Sunday, April 8, 2012


During warm-ups at the beginning of class, my Sensei, Todd Martin, has often equated fuku shiki kokyu or deep breathing with relaxing energy so that it can flow to our hara or center. When I think of this dynamic in relation to what Ann Frederick, Peter A. Levine say in their book “WAKING THE TIGER”[1997 North Atlantic Books], I realize this can be an enormously powerful technique for enabling Vets with CRPTSD to refocus their internally negative energy; anger, fear, shame, etc. into a source of neutral energy focused in their center/abdomen, with out having to identify or focus on that negativity.

I think this last is very important as one of the frequent effects of therapies which cause someone to identify or focus on this negativity, or the cause of the negativity, is to actually bring about a re-experience, along with all the trauma and its subsequent emotional turmoil.

What I do at the very beginning of class is do several deep breaths utilizing the five areas of inhalation. I then repeat this but having everyone picture their body as full of little pockets and tubules of energy, stressing that stored energy is neutral, potential, neither negative or positive until it is used. [My example is if you plug a light into a socket it illuminates, if you stick a knife in you will get zapped.] We then do a full inhalation, extending the arms as high as possible. Then exhaling as slowly as possible relax the muscles, tendons, ligaments, starting with the fingertips, the hands, wrists, forearms, upper arms, shoulders, hair and scalp muscles, the ears and jaw muscles, and so on. As the muscles relax, all those little pockets and tubules relax their energy and allow it to flow downward to be gathered and stored in the abdominal “battery”. If I watch students carefully, I can actually see this process of relaxation move downward.

Then, when we are doing a technique, and someone tenses up, goes off balance, or tries to “muscle” a technique or fight an attack, I can have them pause, relax, and recenter their energy, and they dramatically experience this relaxed, positive energy enabling them to use the technique to gently and safely to control the attack. When I think about what I want the Vets to learn, this way of converting negative, self-destructive PTSD energy in to a constructive force in their lives, this is what I want. I believe that this is what Aikido has given me that helped me deal with who I was, and who I could have become, post-Nam.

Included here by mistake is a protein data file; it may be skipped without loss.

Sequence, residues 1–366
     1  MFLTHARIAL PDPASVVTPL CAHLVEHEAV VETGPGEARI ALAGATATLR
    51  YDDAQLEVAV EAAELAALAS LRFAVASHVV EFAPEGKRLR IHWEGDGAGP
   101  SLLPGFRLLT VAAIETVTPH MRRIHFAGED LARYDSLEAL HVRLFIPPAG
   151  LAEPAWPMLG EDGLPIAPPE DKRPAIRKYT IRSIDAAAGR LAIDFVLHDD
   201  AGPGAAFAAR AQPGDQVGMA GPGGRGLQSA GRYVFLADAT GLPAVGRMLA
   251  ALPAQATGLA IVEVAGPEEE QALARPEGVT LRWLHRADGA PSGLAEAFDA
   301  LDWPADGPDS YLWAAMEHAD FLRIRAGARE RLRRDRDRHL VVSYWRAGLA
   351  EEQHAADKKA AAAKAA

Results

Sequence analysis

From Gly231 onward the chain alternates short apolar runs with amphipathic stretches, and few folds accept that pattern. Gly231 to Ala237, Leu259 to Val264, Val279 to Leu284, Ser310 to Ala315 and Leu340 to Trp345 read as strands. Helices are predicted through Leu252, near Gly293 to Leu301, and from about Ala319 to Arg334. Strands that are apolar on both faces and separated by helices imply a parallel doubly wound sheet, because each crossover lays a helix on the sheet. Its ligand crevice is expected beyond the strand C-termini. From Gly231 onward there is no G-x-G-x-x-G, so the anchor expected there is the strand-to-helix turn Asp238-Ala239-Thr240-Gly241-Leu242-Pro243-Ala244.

1 comment:

Anna said...

Hi Tom,
I am a psych NP in California working for the VA treating Vets w/ PTSD. I also am a very beginner Aikido devotee. I am really interested in hearing more about how you are teaching your class and if there is any research being done on Aikido as therapy for PTSD.
I agree that PTSD teaches the body that conflict means someone is going to be hurt---either you or someone else. I also understand that Aikido, as a physical discipline, teaches the body to respond to conflict with skills to de-escalate it without injury---180degrees from the experiences of PTSD. I’d love the chance to see Aikido as therapy tried in a controlled format.
I'm hoping to do a doctoral program in 3 yrs, and hoping that such a research project here in So Cal could be my dissertation.
Any suggestions, tips, etc?
Thanks for your time.
Anna Davis, NP, MA